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FSC International released a statement yesterday in the Newsroom section of their website.  It is entitled “Towards a stronger FSC Chain of Custody system“.  It is fairly short, and includes several important details, so we reproduced it here in full (with some interesting text highlighted and underlined).



Statement from the Forest Stewardship Council (FSC) 

FSC International recognizes that there is a gap in the current FSC certification scheme – a gap which is present in all similar Chain of Custody certification systems but which we wish to close. The gap consists in the fact that the precise volumes of FSC certified forest products traded are not being compared between trading parties within the chain of custody system. Our current standards and processes, along with the significant volume of FSC products traded, do not enable either certification bodies or ASI to detect discrepancies in the volumes reported by buyers and then used for ”volume credits,” whether caused intentionally or through negligence. This makes it nearly impossible to detect this type of fraud. This gap was one of the reasons for the development of the Online Claims Platform (OCP).

Because we have evidence that this loophole is being used intentionally, we need to close the gap as quickly and effectively as possible for the interest of all stakeholders and for the integrity of the FSC system. We are well aware of the risk our certificate holders face if they unknowingly purchase uncertified wood as though it were FSC certified and then have to face the implications, including reputational risk and remediation costs that the misrepresentation by the seller then entails. We are also aware that certificate holders desire more information on the extent of the problem and how it will be solved.

The FSC International Board has discussed these issues at several meetings. The Board considers the OCP to be one potentially effective instrument to address these system gaps and ensure compliance with the present and future chain of custody (CoC) administrative requirements, and for that reason the Board has supported significant investments in its development. But the Board also recognizes that there may be other systems available now and in the future.

In light of this, the Board:

      • Has asked for relevant criteria to close this gap to be included in the revised CoC standard, which will be released for consultation in a few weeks. The Board recognizes that businesses will need to have improved mechanisms and systems in place to show compliance with the new CoC requirements.
      • Has requested that more detailed information be collected on the extent of incorrect claims in the FSC system. This should be done in 2015 as part of the process to implement a revised CoC standard, once approved.
      • Requests the further development of the OCP as one tool to close the gap, recognizing that other existing and future systems may serve the same purpose. Alternative mechanisms will be acceptable if they meet our CoC requirements and allow for comparison and verification of FSC transactions between trading parties.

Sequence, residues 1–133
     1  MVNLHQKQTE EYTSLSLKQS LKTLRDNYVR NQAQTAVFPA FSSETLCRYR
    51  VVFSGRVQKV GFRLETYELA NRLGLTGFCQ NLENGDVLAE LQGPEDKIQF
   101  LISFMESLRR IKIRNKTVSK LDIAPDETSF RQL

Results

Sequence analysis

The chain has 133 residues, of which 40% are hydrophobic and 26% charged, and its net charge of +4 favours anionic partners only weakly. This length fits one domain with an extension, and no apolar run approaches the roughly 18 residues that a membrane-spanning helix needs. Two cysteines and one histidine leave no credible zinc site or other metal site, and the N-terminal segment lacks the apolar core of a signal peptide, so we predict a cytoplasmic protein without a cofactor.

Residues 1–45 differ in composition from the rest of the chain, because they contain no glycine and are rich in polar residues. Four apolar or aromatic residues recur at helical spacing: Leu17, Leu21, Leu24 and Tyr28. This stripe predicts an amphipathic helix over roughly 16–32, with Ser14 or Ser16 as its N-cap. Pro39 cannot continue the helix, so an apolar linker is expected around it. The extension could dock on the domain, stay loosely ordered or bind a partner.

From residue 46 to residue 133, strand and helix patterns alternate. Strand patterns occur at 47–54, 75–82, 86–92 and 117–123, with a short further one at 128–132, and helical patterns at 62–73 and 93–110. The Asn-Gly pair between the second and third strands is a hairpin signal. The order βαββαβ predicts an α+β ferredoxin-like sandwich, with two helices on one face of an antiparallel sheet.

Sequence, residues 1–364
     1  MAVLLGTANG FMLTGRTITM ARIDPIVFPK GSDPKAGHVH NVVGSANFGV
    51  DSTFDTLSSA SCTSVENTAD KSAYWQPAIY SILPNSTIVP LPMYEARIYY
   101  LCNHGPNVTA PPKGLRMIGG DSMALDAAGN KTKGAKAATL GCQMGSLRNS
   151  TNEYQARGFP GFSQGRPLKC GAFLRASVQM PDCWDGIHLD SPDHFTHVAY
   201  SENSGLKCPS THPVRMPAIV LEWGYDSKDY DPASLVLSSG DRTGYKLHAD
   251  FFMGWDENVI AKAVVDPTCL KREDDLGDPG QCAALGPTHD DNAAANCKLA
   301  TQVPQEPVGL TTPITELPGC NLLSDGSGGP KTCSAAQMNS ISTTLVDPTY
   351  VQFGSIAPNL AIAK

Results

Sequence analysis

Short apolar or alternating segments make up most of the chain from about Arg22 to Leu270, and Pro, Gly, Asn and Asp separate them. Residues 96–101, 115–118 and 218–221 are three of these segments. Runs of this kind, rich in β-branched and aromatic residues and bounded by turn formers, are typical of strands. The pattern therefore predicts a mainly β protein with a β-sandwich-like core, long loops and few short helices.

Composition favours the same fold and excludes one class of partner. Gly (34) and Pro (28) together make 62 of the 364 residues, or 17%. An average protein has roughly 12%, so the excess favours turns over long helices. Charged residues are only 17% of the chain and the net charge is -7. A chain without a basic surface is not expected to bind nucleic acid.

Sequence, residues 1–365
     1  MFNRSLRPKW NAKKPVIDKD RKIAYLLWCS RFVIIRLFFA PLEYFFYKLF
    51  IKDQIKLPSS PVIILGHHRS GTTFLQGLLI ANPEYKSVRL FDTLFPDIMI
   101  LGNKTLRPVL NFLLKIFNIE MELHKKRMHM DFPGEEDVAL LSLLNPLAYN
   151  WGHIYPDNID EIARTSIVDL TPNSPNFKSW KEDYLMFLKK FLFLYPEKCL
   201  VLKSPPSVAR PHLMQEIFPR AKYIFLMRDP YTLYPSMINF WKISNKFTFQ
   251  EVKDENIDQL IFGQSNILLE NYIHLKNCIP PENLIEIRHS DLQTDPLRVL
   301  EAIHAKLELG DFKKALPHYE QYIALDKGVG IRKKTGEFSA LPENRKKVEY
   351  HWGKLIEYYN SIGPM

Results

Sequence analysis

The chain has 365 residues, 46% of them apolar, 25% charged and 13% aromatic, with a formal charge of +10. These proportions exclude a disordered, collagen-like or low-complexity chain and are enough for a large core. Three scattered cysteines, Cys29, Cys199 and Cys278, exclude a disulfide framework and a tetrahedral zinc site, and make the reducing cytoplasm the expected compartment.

• Expects the continued investigation of solutions where commercially sensitive information is not stored centrally and of the implications of using a risk-based implementation of the OCP.

The Board is committed to ensuring that the FSC system remains the most robust, credible certification system available. It is our ambition to uphold the environmental and social values of FSC, without compromising the need for economic viability of FSC-certified companies worldwide. 

Key Points

The first and most noticeable is a substantial retreat from the ill-fated Online Claims Platform (OCP) that FSC has been promoting for the last 2 years.  Readers of this weblog will be familiar with the OCP and with our opinions on it (we don’t like it).  There have been numerous hints this year that this enormous project is probably doomed.  But this is the most direct and explicit to date.  FSC staff are, of course, trying hard to sell this as a positive story, as in this article in UK’s PrintWeek.  It is hard to avoid the conclusion that the tide has turned on the OCP.

Chain of Custody revision expected?

The first item in the bulleted list at the bottom contains another, unrelated but probably more important, item.  They tell us the long-promised discussion draft of a revised CoC standard will be released “in a few weeks”.  This is big news indeed!  This page on the FSC-IC website has (we think) remained largely unchanged for at least 2 years.  But taking a closer look at the right-hand column under “Further Process” we see reference to a public consultation period scheduled to begin at the end of August (yes – that is last week!).  We have hopes of seeing something concrete very soon.

UPDATE (3 Sept. 2014):  I received some informal information today that FSC-IC do, indeed, have a working draft of the revised CoC standard which is nearly ready to distribute.  I was also told that an announcement concerning the revision process is expected this week.

The myth of the gap

The central, underlying theme of FSC’s statement addresses what they describe as “a gap in the current …scheme”.  The implication – one that has been repeated often recently – is that our CoC systems are inherently flawed.  This is wrong.

MixedWood is currently working on a follow-up post to challenge this assumption.  You can expect to see more on this subject very soon.